January - June 2018
Danny Chilyapa Lwando
Mulenga. J. Mulenga
This is the first time the African Studies Gallery organizes an exhibition focused on a single African country. The last decade has seen growing interest in contemporary African art, and yet Zambian art and artists do not receive much attention by museums and art markets throughout the world. We have therefore decided to provide a platform to this exciting artistic scene and to invite several artists to represent it.
This collective exhibition of works by contemporary Zambian artists offers to view contemporary Zambian art from an African perspective, shedding categories of modern and contemporary that are rendered incoherent when applied to the continent.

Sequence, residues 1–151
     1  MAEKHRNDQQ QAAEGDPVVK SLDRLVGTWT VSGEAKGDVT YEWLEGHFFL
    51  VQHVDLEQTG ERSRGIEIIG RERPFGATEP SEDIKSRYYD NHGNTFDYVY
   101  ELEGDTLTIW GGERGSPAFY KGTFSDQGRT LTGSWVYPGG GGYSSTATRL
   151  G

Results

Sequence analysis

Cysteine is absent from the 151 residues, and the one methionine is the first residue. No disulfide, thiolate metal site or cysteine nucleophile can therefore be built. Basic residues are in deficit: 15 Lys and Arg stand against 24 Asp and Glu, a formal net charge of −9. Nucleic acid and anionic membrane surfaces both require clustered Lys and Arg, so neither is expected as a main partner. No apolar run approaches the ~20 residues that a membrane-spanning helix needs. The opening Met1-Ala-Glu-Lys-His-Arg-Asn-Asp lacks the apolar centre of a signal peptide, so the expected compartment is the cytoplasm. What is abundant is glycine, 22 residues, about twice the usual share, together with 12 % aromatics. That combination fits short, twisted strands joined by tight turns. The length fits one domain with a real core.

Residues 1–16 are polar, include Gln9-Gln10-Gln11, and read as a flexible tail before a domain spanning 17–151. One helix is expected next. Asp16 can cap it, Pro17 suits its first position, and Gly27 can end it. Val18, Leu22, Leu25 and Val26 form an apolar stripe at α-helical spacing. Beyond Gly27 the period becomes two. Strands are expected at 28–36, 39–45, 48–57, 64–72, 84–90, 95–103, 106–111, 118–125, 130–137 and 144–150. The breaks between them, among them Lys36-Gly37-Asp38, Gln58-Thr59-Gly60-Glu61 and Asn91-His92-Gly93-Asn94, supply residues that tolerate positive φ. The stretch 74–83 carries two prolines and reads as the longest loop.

Modernism is conventionally understood as an aesthetic movement that emerged in the first half of the twentieth century as a reaction of European artists to their boredom with Western art traditions. Nonetheless, African modernism is not simply an African manifestation of twentieth-century European art. Granted, it too broke dramatically with past traditions, but in the African case, these involved the scars of colonialism. African modernism is the story of a long process of decolonization, independence and constant negotiation of identity. In Zambia’s particular case, it is also the story of the triumphant post-independence period and the disenchantment that followed the collapse of Zambia’s copper economy in the late 1970s that spelled the end of the country’s cultural ambitions. Zambian artists could not escape this course of events and it is echoed vividly in their works.